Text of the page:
Spontaneously diabetic biobreeding rats and impairment of bile acid–independent bile flow and increased biliary bilirubin, calcium and lipid secretion


  • Javier González,

    1. Laboratory of Hepatology, University of Leuven, B-3000 Leuven, Belgium
    Current affiliation:
    1. Department of Physiology, Pharmacology and Toxicology, University of Leon, Spain
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  • Johan Fevery

    Corresponding author
    1. Laboratory of Hepatology, University of Leuven, B-3000 Leuven, Belgium
    • Laboratory of Hepatology, University of Leuven, Campus Gasthuisberg, B-3000 Leuven, Belgium
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Chemically induced diabetes has been reported to induce profound changes in bile formation, but possible toxic effects of the streptozotocin or alloxan used cannot be excluded totally. This study was undertaken to evaluate biliary function in spontaneously diabetic female biobreeding rats with a diabetes duration of 2 wk and compare them with nondiabetic littermates. Diabetic animals evidenced glycosuria, hyperglycemia and hypoinsulinemia. Biliary concentration and secretion of bile acids, cholesterol and phospholipids were significantly increased, with no enhancement in the lithogenic index of bile. Bile flow and the biliary secretion of sodium, potassium, chloride and bicarbonate were significantly reduced despite the increased bile acid secretion. The cholestatic condition was confirmed by an increased serum concentration of bile acids and a higher activity in serum of the alkaline phosphatase liver isoenzyme. Biliary calcium concentration increased without any change in its serum concentration. A linear relationship was observed between biliary calcium and bile acid secretion. Serum concentration of unconjugated and of conjugated bilirubin was increased 1.6-fold and 8-fold, respectively, with a 1.5-fold enhanced biliary secretion of bilirubins despite the cholestasis; this points to an enhanced bilirubin production. An increased proportion of conjugated bilirubin was found in serum together with an enhanced bilirubin diconjugate/monoconjugate ratio in bile. A higher UDP-glucuronyltransferase activity and a delayed transit of bilirubin could account for these effects. Administration of insulin to diabetic animals tended to reverse the above reported changes.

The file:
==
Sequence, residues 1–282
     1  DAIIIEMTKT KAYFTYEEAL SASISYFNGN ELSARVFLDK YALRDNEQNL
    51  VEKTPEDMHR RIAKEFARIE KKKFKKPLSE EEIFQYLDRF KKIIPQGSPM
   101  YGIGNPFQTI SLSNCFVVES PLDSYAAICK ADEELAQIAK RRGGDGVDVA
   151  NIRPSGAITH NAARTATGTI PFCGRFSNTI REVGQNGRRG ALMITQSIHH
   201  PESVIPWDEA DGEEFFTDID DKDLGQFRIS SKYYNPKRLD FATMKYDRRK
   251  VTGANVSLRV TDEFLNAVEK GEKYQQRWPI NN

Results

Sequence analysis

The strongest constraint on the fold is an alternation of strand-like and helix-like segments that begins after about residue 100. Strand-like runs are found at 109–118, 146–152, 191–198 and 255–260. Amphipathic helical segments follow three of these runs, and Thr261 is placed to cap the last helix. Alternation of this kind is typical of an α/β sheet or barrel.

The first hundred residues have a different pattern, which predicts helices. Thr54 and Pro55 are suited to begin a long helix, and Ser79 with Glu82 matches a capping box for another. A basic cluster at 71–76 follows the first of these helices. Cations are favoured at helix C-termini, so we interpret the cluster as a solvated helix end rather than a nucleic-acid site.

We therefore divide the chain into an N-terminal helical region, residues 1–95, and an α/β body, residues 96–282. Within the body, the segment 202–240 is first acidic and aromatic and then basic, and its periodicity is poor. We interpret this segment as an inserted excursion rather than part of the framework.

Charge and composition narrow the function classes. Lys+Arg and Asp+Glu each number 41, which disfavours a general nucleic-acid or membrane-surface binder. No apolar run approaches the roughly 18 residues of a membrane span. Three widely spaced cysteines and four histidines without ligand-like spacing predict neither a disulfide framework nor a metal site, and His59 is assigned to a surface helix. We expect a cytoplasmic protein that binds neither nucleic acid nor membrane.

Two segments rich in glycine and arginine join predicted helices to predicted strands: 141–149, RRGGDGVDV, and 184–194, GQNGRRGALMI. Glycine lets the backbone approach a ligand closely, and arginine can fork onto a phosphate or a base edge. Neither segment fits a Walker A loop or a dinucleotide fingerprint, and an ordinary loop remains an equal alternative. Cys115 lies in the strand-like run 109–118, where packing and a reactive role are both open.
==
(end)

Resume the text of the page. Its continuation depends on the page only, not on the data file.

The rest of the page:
The spontaneously diabetic biobreeding rat thus represents a model of bile acid–independent cholestasis with enhanced biliary bile acid and calcium secretion and with presumably an enhanced bilirubin production. (HEPATOLOGY 1992;16:426–432.)